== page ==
What is the Best Sleep Schedule for Kids?
Sleep plays an important role in the growth and development of children. Similarly, a healthy and consistent sleep schedule has been linked to positive outcomes, particularly for kids. Not only can a proper sleep schedule encourage healthy behaviors (1) into adulthood, but it can lead to improved behavior and memory (2). Children who get enough sleep are also at a decreased risk of health issues, such as obesity (3).
While there are numerous benefits to a healthy sleep routine, creating and enforcing one can be challenging. There are multiple factors to consider when establishing nighttime habits, and there is no one-size-fits-all solution that will work for every child. Creating a sleep schedule that suits your child starts with learning to identify their needs.
How Much Sleep Do Children Need?
Different stages of growth require specific amounts of sleep, which is why the recommended amount of sleep for children depends on their age. The following guidelines (4) are intended to provide a general outline of how much sleep children should be getting in a 24-hour period, including their naps.
|Age||Recommended Amount of Sleep (Including Naps)|
|Newborn: 0-3 months||14-17 hours|
|Infant: 4-12 months||12-16 hours|
|Toddler: 1-2 years||11-14 hours|
|Preschool: 3-5 years||10-13 hours|
|School Age: 6-12 years||9-12 hours|
Parents should be aware, however, that some children may need slightly more or less sleep than what these guidelines recommend. Watching your child’s behaviors and adapting as needed is an important step in establishing a sleep schedule that works for your child.
How to Incorporate Naps
Naps are an important part of a sleep routine for many infants, toddlers, and young children. Parents can also use naptime to rest, tackle household chores, or get some alone time. Similar to the amount of sleep, however, the recommended number and length of naps vary by age.
|Age||Naps per Day|
|Infant: 4-12 months||2-4 naps per day, ranging from 30 minutes to 2 hours|
|Toddler: 1-2 years||2 naps per day, ranging from 30 minutes to 2 hours|
|Preschool: 3-5 years||1-2 naps per day, ranging from 30 minutes to 2 hours|
Newborns typically spend the majority of the day sleeping, while children aged 5 years or older usually begin to phase out of naps entirely. Parents should monitor their child’s behaviors to determine the optimal amount of napping.
How Do I Know if My Child is Getting Enough Sleep?
Since children cannot always directly communicate that they are tired, it can be difficult to tell if they are getting enough rest. Watching their behaviors is one way to tell if your kid is getting enough sleep. Some signs to look for include:
- Daytime sleepiness
- Irritability or aggression
- Difficulty getting out of bed
- Trouble staying awake
- Lack of focus
If your child is showing any of these signs, it may be useful to incorporate extra naps or an earlier bedtime. Making adjustments based on your child’s behaviors is an important aspect of building an effective sleep schedule.
What If My Child Has Trouble Sleeping?
Roughly half of children will experience sleep issues (5), such as insomnia or nightmares. These sleep disruptions can have negative effects for children, including behavioral issues, decreased memory, and learning difficulties. Addressing sleep problems early on can help prevent these negative consequences while encouraging healthy rest into adolescence and adulthood.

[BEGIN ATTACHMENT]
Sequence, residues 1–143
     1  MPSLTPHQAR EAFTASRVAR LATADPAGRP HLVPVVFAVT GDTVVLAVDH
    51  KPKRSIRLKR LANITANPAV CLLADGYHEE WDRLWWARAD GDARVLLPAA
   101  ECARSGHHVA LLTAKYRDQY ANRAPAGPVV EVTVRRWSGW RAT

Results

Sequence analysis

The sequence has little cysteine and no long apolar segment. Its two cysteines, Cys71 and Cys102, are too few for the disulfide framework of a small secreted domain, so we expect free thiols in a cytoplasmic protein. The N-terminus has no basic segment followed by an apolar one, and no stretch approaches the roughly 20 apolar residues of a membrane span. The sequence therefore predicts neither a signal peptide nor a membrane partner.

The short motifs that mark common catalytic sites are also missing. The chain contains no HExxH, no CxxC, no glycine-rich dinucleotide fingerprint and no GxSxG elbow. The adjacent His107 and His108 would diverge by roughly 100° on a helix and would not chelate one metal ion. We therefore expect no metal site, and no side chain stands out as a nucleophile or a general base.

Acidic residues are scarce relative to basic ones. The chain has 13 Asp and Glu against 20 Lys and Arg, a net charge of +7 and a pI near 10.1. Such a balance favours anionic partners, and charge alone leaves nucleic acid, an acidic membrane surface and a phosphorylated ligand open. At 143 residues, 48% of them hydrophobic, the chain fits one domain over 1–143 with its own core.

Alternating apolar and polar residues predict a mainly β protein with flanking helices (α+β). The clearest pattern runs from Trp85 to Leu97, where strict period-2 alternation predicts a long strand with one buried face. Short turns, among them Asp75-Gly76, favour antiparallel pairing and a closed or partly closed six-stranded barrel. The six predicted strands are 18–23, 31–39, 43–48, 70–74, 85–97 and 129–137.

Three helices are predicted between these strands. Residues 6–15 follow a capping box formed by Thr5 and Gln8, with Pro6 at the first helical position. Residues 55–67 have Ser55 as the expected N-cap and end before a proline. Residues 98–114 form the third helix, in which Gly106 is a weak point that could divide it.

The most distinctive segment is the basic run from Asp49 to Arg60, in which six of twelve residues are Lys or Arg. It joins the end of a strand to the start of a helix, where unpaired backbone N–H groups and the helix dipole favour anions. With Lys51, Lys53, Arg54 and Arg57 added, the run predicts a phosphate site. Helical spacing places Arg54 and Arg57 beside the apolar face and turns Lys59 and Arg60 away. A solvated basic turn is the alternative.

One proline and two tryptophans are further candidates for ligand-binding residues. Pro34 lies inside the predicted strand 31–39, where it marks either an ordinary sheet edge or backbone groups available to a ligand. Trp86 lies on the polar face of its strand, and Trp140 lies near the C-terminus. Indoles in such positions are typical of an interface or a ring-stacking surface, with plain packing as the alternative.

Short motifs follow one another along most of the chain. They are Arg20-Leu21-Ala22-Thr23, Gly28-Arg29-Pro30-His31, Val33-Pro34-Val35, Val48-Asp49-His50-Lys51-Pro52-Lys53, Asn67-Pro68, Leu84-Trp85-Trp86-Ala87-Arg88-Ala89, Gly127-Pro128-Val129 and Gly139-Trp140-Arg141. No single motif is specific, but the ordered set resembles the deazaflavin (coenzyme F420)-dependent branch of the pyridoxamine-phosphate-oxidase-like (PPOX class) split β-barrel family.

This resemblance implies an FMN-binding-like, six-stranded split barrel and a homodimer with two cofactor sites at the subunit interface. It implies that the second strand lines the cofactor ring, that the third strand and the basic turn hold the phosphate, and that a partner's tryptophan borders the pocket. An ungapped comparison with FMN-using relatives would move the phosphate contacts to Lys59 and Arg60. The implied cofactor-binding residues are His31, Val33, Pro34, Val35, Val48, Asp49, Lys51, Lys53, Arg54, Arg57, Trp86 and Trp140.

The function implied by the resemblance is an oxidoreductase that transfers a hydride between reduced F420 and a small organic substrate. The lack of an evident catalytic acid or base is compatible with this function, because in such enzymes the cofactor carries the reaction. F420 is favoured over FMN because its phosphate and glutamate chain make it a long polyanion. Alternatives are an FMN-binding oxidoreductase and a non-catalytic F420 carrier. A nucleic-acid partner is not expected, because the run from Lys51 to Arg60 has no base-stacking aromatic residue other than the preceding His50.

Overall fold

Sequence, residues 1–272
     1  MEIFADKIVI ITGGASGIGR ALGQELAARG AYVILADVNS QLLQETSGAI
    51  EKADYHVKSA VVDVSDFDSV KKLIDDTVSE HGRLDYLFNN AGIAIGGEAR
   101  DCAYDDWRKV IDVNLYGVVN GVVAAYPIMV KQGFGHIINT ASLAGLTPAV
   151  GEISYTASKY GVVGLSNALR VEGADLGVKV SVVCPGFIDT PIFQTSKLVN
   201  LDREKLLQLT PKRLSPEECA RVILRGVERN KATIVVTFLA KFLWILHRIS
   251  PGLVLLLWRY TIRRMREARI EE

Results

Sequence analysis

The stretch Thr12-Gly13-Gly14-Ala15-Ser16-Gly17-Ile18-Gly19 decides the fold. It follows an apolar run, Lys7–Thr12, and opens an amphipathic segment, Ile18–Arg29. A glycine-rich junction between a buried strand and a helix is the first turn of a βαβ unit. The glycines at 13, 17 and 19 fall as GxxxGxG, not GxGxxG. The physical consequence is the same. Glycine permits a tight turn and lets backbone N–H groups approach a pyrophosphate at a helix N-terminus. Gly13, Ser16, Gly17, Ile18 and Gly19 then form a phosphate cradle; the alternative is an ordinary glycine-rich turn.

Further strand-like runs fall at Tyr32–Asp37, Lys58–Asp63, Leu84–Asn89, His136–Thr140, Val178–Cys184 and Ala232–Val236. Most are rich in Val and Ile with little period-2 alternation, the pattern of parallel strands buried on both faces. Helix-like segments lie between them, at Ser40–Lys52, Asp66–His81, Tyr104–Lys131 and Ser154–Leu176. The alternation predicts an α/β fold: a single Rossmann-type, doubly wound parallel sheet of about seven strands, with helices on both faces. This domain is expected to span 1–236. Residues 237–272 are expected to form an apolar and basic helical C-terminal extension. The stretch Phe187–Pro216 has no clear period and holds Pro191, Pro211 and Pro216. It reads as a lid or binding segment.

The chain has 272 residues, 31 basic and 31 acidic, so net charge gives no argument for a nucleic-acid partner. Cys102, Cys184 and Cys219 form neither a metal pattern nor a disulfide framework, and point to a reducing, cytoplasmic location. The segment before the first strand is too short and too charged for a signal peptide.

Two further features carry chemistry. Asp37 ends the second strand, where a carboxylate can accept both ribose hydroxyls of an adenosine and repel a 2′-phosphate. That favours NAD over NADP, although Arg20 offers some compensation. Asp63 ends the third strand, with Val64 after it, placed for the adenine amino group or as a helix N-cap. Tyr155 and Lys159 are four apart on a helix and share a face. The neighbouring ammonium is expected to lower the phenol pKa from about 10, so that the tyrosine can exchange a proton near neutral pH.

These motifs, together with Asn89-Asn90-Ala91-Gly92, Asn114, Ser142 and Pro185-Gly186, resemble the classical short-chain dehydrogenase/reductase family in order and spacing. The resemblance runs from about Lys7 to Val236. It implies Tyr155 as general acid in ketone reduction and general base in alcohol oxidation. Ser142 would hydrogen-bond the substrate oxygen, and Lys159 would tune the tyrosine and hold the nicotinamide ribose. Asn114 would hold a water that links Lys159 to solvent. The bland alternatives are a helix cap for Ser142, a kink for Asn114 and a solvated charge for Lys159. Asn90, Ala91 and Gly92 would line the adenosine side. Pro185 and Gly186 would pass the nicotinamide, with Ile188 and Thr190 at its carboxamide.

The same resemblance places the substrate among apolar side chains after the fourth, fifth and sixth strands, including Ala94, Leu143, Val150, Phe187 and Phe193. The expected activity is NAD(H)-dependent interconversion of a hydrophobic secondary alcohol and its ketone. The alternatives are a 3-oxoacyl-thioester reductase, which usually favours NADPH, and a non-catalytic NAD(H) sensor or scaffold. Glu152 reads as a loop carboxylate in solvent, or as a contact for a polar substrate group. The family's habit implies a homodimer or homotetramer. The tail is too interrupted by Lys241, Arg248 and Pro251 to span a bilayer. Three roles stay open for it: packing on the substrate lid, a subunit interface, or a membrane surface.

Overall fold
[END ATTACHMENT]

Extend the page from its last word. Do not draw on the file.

Enforcing good sleep hygiene and encouraging consistency can be beneficial, though it is always recommended to speak with a doctor if you have any concerns about your child’s sleep patterns. A sleep diary (6) may also be a useful tool for parents to track behavior, which can be helpful in identifying any potential issues.
Tips for Starting or Getting Back On a Sleep Schedule
- Establish a Bedtime: Sticking to a consistent bedtime is a great way to set a regular routine. After several nights, your child may begin to feel tired automatically around bedtime.
- Keep It Dark: The body runs on circadian rhythms (7), which use external cues such as light to determine when to initiate sleep. Dimming the lights close to bedtime can help signal that it is time to rest.
- Limit Screen Time: Electronic devices emit blue light (8), which can interfere with circadian rhythms and make it difficult to fall asleep. Studies suggest that children are particularly sensitive (9) to blue light, so reducing screen time can help encourage deeper rest.
- Incorporate Soothing Activities: Sleep schedules and bedtime routines can also be a time for bonding. Reading a book, singing a lullaby, or starting another soothing bedtime ritual can help set the expectation of sleep while allowing you to share important time with your kid.
- Be Consistent: A sleep routine works best over time. Staying consistent with timing and sleep rituals is an important aspect of establishing any routine.
Making small changes in your kid’s sleep schedule can lead to healthier habits and better rest.
+ 9 Sources
- 1. Accessed on March 23, 2021.https://pubmed.ncbi.nlm.nih.gov/29195725/
- 2. Accessed on March 23, 2021.https://pubmed.ncbi.nlm.nih.gov/28251722/
- 3. Accessed on March 23, 2021.https://pubmed.ncbi.nlm.nih.gov/25517022/
- 4. Accessed on March 23, 2021.https://www.cdc.gov/sleep/about_sleep/how_much_sleep.html
- 5. Accessed on March 23, 2021.https://www.aafp.org/afp/2014/0301/p368.html
- 6. Accessed on March 25, 2021.https://pubmed.ncbi.nlm.nih.gov/28199718/
- 7. Accessed on March 23, 2021.https://pubmed.ncbi.nlm.nih.gov/30137792/
- 8. Accessed on March 23, 2021.https://pubmed.ncbi.nlm.nih.gov/26900325/
- 9. Accessed on March 23, 2021.https://pubmed.ncbi.nlm.nih.gov/24840814/
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